June 11, 2013, 4:27 pm
The U. of Baltimore expects its new Angelos Law Center to help attract both students and faculty members. (Chronicle photographs by Lawrence Biemiller)
Until a few years ago, I’d have been hard-pressed to point out even a single building belonging to the University of Baltimore, despite having grown up in the city and visited every few months since I moved away. While the Johns Hopkins University, the Maryland Institute College of Art, Notre Dame of Maryland University, and the Peabody Institute were all local landmarks, the University of Baltimore’s buildings were so nondescript that the institution might as well have been in a witness-protection program.
The U. of Baltimore student center opened in 2006.
In 2006, however, the university opened a downtown student center that called attention to…
May 17, 2013, 2:03 pm
The Nott Memorial was completed in the late 1870s. (Chronicle photograph by Lawrence Biemiller)
Schenectady, N.Y. — Union College’s Nott Memorial is one of the great period pieces of American higher education, but it has as checkered a past as any college building anywhere.
(Union College image)
A round building on the site the Nott occupies was first envisioned 200 years ago this spring in a pioneering series of campus plans drawn up by Joseph Ramée, a French architect, and Eliphalet Nott, Union’s president from 1804 to 1866. The plans do not describe the building’s function.
(Union College image)
But Paul Venable Turner, an emeritus art-history…
February 8, 2013, 6:06 pm
Lewisburg, Pa. — Plenty of people—and you may well be one of them—skip right over every poem in The New Yorker and could not be dragged by a team of Budweiser Clydesdales to any event that had “poetry” in its name. So even though Bucknell University’s Stadler Center for Poetry regularly fills a former chapel for poetry readings and draws overflow crowds to a campus nightclub for poetry slams, it’s also laid a whole series of poetic ambushes around town, hoping to trap the unsuspecting as they wait in line for a movie or head to the playground with their kids.
Each ambush—there are 10 in all—places a poem near a local landmark to which the poem is relevant. One poem is across from a Civil War monument, another overlooks a barn that was part of the Underground Railroad, and a third—“Solstice,” by Leslie Harrison—stands beside a cemetery:
… I’m sorry for your loss I…
December 10, 2012, 11:46 am
The former president of a foundation that provides housing for New York City college students will pay $4.5-million to settle accusations that he and his wife improperly collected millions of dollars from the foundation through a shell company that handled phone, Internet, and cable-television service in the foundation’s facilities. An investigation by the state attorney general’s office discovered that George Scott, who was president of Educational Housing Services Inc., until last month, had been siphoning money from the foundation since 2003. Members of the foundation’s board will also pay $1-million for neglecting their fiduciary duty, the attorney general’s office announced. The money paid in the settlement will go toward reducing students’ rent and improving amenities in the foundation’s facilities.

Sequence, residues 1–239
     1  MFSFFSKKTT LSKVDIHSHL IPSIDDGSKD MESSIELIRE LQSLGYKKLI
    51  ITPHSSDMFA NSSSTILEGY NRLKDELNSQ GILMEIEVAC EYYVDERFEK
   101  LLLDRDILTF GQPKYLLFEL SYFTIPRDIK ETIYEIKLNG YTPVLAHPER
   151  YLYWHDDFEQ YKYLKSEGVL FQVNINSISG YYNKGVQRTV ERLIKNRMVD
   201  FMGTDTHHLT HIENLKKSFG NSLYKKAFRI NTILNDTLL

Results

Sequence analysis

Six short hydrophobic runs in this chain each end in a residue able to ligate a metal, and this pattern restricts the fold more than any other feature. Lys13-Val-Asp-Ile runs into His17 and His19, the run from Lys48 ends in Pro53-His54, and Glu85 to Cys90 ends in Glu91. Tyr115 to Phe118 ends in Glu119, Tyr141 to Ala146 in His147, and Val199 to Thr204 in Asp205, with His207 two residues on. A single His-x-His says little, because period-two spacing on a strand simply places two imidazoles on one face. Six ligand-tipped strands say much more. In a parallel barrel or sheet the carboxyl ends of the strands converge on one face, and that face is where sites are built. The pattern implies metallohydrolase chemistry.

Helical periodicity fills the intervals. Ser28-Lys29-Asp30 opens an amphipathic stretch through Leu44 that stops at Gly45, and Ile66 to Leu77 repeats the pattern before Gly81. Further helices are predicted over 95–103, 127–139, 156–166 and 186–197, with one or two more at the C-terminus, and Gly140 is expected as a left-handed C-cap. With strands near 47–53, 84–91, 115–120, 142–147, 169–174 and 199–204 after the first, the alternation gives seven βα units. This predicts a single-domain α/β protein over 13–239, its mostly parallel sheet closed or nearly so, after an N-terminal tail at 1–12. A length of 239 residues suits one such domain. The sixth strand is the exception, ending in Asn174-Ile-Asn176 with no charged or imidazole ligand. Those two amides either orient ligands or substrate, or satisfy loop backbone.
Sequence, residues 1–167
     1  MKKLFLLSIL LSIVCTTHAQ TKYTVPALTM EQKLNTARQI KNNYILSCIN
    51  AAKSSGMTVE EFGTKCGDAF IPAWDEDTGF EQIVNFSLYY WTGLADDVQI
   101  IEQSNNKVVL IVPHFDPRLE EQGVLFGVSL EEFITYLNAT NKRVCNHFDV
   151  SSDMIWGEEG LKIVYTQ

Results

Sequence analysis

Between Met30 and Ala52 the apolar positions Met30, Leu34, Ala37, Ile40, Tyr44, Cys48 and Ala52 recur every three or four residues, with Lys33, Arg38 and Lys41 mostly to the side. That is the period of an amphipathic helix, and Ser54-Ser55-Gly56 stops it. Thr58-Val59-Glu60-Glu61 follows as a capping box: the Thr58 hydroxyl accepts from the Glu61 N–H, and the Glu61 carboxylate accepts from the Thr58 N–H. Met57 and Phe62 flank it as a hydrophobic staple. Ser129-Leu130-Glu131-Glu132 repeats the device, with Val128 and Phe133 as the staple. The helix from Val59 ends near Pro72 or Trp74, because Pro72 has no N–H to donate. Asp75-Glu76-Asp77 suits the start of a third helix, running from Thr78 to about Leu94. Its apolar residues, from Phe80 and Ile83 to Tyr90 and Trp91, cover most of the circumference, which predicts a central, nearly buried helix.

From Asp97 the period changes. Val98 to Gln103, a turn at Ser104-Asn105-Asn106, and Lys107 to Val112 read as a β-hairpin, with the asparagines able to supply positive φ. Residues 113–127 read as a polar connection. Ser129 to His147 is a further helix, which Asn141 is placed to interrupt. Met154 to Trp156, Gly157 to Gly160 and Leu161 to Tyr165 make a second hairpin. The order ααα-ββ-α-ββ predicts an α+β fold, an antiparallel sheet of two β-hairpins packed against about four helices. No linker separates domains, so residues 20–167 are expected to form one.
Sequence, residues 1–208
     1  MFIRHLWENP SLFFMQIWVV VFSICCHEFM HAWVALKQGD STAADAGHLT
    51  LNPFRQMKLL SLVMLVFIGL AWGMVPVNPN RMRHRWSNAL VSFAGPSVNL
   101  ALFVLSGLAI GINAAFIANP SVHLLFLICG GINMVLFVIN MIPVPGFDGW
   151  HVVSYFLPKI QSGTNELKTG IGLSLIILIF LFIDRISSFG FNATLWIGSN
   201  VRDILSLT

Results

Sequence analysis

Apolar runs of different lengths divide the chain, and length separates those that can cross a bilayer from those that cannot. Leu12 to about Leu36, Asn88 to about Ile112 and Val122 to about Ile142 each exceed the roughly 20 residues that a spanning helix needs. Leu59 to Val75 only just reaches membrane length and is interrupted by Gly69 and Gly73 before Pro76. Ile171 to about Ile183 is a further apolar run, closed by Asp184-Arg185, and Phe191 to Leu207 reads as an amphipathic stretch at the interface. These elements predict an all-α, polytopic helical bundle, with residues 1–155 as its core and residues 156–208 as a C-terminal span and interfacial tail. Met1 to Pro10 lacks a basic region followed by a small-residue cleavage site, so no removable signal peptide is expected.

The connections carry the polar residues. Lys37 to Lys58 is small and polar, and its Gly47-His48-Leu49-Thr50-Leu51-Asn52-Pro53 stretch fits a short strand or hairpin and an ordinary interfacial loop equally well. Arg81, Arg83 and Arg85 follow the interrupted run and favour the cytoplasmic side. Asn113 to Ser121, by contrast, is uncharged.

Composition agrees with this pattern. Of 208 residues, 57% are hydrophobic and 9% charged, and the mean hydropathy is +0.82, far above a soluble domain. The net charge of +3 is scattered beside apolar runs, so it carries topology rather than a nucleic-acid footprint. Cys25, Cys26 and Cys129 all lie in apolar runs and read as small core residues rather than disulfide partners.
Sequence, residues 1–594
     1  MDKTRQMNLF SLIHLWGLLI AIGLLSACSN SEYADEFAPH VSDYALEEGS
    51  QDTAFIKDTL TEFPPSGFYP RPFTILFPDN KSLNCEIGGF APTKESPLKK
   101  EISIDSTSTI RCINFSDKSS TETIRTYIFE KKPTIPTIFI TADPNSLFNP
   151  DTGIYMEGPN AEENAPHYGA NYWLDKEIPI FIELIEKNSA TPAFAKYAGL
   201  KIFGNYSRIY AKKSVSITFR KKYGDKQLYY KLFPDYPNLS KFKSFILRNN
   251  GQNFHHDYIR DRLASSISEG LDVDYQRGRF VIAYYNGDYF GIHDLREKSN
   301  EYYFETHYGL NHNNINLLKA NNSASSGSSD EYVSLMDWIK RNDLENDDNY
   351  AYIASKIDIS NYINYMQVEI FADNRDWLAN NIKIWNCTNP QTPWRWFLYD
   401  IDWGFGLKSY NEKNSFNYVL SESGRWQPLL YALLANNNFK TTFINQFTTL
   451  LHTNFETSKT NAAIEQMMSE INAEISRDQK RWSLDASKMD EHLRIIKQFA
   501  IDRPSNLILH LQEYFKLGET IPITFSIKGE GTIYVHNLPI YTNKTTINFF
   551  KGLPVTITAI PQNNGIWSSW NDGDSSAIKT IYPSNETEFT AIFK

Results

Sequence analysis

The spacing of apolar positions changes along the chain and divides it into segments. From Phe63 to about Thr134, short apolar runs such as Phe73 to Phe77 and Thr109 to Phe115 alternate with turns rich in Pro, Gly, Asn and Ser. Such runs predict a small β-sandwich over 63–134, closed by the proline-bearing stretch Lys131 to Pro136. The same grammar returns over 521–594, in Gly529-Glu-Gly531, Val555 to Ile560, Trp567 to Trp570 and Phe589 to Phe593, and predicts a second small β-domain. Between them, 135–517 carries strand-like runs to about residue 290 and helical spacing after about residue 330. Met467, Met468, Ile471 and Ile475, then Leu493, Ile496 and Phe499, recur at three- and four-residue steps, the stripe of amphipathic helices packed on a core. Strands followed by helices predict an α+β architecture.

October 26, 2012, 9:50 am
October 24, 2012, 3:29 pm
The Appalachian State U. entry in the 2011 Solar Decathlon is now available commercially. (Photos by Jim Tetro, U.S. Department of Energy)
In what is almost certainly a first, the modular sustainable house that Appalachian State University students designed and entered in the U.S. Department of Energy’s 2011 Solar Decathlon is now being marketed nationwide. The house, which won the People’s Choice award at the decathlon, is available from Deltec Homes either in kit form or, for customers in western North Carolina, as a finished building.
Until now, decathlon houses have wowed visitors and drawn praise from architects, but their commercial impact has been limited. But clearly Deltec officials see promise in the Appalachian State house, which can be easily expanded by adding more modules along the length of a porch that supports solar panels to provide power. For buyers…
October 23, 2012, 2:32 pm
October 19, 2012, 8:11 am
October 10, 2012, 2:11 pm
Wilson College’s 1925 library has been closed for more than a year, but the college has been working with Murray Associates Architects to plan a renovation that would keep the 1925 portion (at left) and replace a 1962 addition with a glass-walled structure. (Murray Associates image)
Chambersburg, Pa. — For such a small institution—it has only 695 students this semester—Wilson College has a very handsome library. It’s a restrained Collegiate Gothic building from 1925 with limestone towers flanking a central doorway and arched windows overlooking the college’s central green. The windows also enliven the interior, which is otherwise plain.
Unfortunately, the library has been closed for more than a year, thanks to an assortment of leaks that are emblematic of the challenges facing the struggling women’s college, which has not been able to meet its enrollment goals. The most …